Nevada Labor Commissioner Thoran
Towler has released the 2014–2015 Construction Wage Survey for contractors
throughout the state.
State law requires the Commissioner
to survey contractors that have performed construction work during the previous
year in order to determine the prevailing wage rates. Prevailing wage rates are
required to be paid on all Nevada public works construction projects- such as
schools, libraries, roadways and government buildings- costing more than
The surveys are due July 15, 2014
in order for the new rates to be posted by October 1, 2014, as required by
Nevada law. “The deadline is critical,” said Commissioner Towler, “If the survey has not been received in
either our Carson City or Las Vegas office by 5:00 pm on July 15th,
it won’t be counted in the survey. It is
the contractor’s responsibility to make sure the
survey has been received.”
can access the survey by visiting http://www.laborcommissioner.com. The website also contains convenient links to
Nevada's prevailing wage laws, as well as state-required posters and other
useful employment information. A hard copy form can be provided by calling the
Office of the Labor Commissioner in Las Vegas at (702) 486-2650, or in Carson
City at (775) 687-4850. For those who wish
to submit a completed survey via email, the forms must be sent to
firstname.lastname@example.org no later than July 1 (prior to the July 15
deadline for all other methods of submission) to allow for an initial review
and email verification of receipt.
All contractors who have worked on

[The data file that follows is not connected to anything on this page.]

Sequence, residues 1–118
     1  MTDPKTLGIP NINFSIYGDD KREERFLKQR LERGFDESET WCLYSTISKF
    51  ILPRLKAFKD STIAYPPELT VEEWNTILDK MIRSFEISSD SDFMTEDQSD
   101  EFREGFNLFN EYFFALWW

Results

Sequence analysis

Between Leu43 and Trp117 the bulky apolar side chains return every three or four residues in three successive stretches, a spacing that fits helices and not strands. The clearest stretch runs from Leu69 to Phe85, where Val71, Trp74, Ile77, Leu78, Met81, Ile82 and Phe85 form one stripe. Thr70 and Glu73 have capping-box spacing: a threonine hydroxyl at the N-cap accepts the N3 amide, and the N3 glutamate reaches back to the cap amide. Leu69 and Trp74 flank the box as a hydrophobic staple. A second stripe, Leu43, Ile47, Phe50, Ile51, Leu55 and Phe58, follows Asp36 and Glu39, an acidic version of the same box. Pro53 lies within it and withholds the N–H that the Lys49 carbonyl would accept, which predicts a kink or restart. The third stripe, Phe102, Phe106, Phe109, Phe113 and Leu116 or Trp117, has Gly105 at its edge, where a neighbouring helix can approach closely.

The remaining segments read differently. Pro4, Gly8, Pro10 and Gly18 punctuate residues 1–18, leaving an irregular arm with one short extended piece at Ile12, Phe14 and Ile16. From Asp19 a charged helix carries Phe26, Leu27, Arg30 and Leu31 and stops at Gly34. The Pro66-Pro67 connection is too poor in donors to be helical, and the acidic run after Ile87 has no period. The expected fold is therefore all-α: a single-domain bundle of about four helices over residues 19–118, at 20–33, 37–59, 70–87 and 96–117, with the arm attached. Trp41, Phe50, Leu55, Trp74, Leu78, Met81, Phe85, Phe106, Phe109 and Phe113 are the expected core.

construction projects may participate in the survey, even if they are not
required to have a contractor’s license. “Temporary
employment agencies and engineering firms often have employees who work on
construction projects,” Commissioner Towler said, “Since they have to pay prevailing wages on public works projects,
they can participate in the survey.”
According to Administrative
Assistant Nelly Bernal, who oversees the data collection and calculation of the
rates, the Labor Commissioner’s Office strives to ensure that the public
understands how the rates are established.
“We often receive telephone calls
and e-mails from people curious as to how we came up with a particular rate,”
said Bernal. “The information obtained from the surveys is loaded into a computer
program, which calculates the prevailing wage rates on a county-by-county,
Commissioner Towler encourages all
contractors, particularly those working in rural areas, to participate as
precisely as possible in the prevailing wage survey to ensure that the rates
established accurately reflect the rates that are being paid in a particular
community. If no rates are reported for a craft in a county, the Commissioner
must rely on wage rates as reported for the nearest county that has a rate.
Many times a low-population county can end up with the same rate as established
in Clark County for a particular craft, because no rural numbers were reported. Participation by all contractors is the key.
Contractors should keep several
important facts in mind when completing the survey:
§ All data
from all contractors will be considered.
However, the information must be within survey requirements. For example, work must be done within the
specified dates and must be for a classification included in the survey.
should include wages paid on private and commercial projects. To establish a rate reflective of what's been
paid, the survey should include wages paid on all construction projects,
not just publicly-funded projects.
projects should be included. The size of
a project is not important. Where the
work was performed and what rate contractors paid a specific classification in
a given locale are the important factors.
For more information, please
contact Nelly Bernal at email@example.com
or (702) 486-2650.
About the Office of the Labor Commissioner
The Office of the Labor Commissioner is a
division of the Department of Business and Industry. The Labor Commissioner
strives to ensure that all workers are treated fairly under the law by
investigating complaints of non-payment of wages, State minimum wage, overtime,
and prevailing wage disputes. The office also monitors youth employment
standards, including work hours and safe, non-hazardous working conditions.